Whatsapp has clarified the terms of its planned privacy update after widespread confusion over the new terms of service. The messaging app faced backlash over its announcement of the changes in January as many believed it was planning to increase the amount of data it shares with parent company Facebook, sparking a wider debate over data privacy and metadata sharing practices.
The changes were originally set to come into force earlier this month, but the company delayed the deadline for accepting the new terms until 15 May. If users refuse to accept the terms of the privacy update their accounts will become “inactive”, meaning they’ll lose the ability to read and send messages on the app. Inactive accounts will be deleted after 120 days.
The company first began facing backlash after users were alerted of the new changes through a pop-up notification stating that they would lose functionality of the app if they refused to accept the terms, leading to a wave of users opting to defect to competitors such as Signal and Telegram.
As part of its revamped strategy to keep users onside, WhatsApp will start showing a banner alert containing a more detailed explanation of the changes that they can read “at their own pace.”
In reality, WhatsApp’s planned privacy update changes very little; it primarily deals with facilitating payments to be made to businesses through the app.
“Consumer trust relies on understanding why the changes have been made and how that impacts their services”, said Clifford Chance TMT lawyer Herbert Swaniker.
“The lesson here is that privacy and policy experts should be involved from the outset and really help users understand what the changes mean to them in practice”, he added.
In response to the uproar, WhatsApp said it was the victim of “misinformation” surrounding the planned changes and reminded users it wouldn’t be changing the end-to-end encryption of personal messages.
“We’ve reflected on what we could have done better here”, the company wrote in a blog post. “We want everyone to know our history of defending end-to-end encryption and trust we’re committed to protecting people’s privacy and security.”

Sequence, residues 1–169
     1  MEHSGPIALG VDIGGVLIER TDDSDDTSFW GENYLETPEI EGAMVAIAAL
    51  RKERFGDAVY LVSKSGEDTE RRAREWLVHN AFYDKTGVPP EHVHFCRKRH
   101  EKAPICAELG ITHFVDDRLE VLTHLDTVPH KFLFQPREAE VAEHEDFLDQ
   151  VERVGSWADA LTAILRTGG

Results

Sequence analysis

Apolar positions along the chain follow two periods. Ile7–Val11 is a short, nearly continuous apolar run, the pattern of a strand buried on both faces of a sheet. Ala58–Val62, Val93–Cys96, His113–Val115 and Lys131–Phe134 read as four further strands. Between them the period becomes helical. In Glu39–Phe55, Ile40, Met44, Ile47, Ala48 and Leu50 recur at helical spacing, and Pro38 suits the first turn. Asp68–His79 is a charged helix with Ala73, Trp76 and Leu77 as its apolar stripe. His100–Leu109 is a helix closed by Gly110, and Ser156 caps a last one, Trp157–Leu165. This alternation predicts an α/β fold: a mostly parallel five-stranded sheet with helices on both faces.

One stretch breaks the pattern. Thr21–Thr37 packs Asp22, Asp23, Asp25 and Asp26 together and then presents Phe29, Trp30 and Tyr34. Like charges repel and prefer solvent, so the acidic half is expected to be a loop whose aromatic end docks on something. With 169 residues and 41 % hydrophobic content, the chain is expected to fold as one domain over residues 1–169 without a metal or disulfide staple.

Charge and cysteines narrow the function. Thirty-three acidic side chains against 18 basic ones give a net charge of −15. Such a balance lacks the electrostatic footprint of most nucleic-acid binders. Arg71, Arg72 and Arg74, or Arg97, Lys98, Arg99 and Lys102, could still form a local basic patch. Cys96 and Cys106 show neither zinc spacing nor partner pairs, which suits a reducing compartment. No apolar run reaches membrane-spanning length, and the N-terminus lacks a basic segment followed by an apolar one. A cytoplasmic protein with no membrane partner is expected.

Swaniker believes the backlash was “inevitable,” as users are becoming more aware of their privacy rights.
“Privacy laws like the EU GDPR require organisations to be transparent and upfront about how and why they use personal data,” he said. “The WhatsApp backlash goes to the heart of these privacy obligations, emphasising the importance of thoughtful communications around material policy changes. This requires more than simply complying with the law, organisations must respect the spirit of the law too and bring users with them.”
Despite its shift in approach, Whatsapp has already seen significant fallout since its initial announcement in January. India’s technology ministry reportedly asked the messaging giant to withdraw the planned changes, citing concerns over the data privacy of its citizens. The country is currently Whatapp’s biggest market with more than 340 million users.
Tech billionaire Elon Musk joined the fray by plugging Signal to his 42 million Twitter followers. The rival app is a favourite amongst privacy advocates as it uses the same end-to-end encryption technology as Whatsapp but collects less metadata about its users, making it better suited to people looking to prioritise their privacy. Telegram, another of WhatsApp’s closest competitors, reported 25m new downloads in the days following the announcement. The jump in usership brought the app to 500 million active users.
The flurry of criticism towards the new policy managed to unearth a truth of which many users are becoming increasingly aware: WhatsApp has been storing and sharing user data for a long time. The app’s terms of service have allowed this kind of information sharing with Facebook’s brands, including Instagram, since 2016. By using WhatsApp, you consent to sharing your usage data, your phone’s unique identifier and your IP address with Facebook. So by agreeing to the terms of service, almost all users have already agreed to their information being passed around Facebook’s broader network.
It's important to note these provisions exclude the EU. Agreements between Facebook and European data protection bodies prevent this sort of information sharing between the tech behemoth’s brands. In a sense, this could be seen as a win for EU data protection regulations, but that doesn’t mean WhatsApp has avoided being caught up in GDPR compliance cases facing big tech firms across the bloc. Earlier this year, it was announced the app could be fined up to €50m over GDPR violations. The penalty would be the largest fine under the GDPR since it came into force in 2018.
As companies including Google and Twitter continue to be fined, it appears the EU’s data protection policies are doing more to highlight what Big Tech is managing to get away with doing than enforcing stricter data privacy rules.
So, for what exactly is your data being used? The answer is simple in Facebook’s case: targeted advertising. With advertising being almost 100 percent of the platform’s revenue, it’s not difficult to see why Facebook would want to seek other ways to profit from its ad-free brands as it looks to broaden its e-commerce offerings.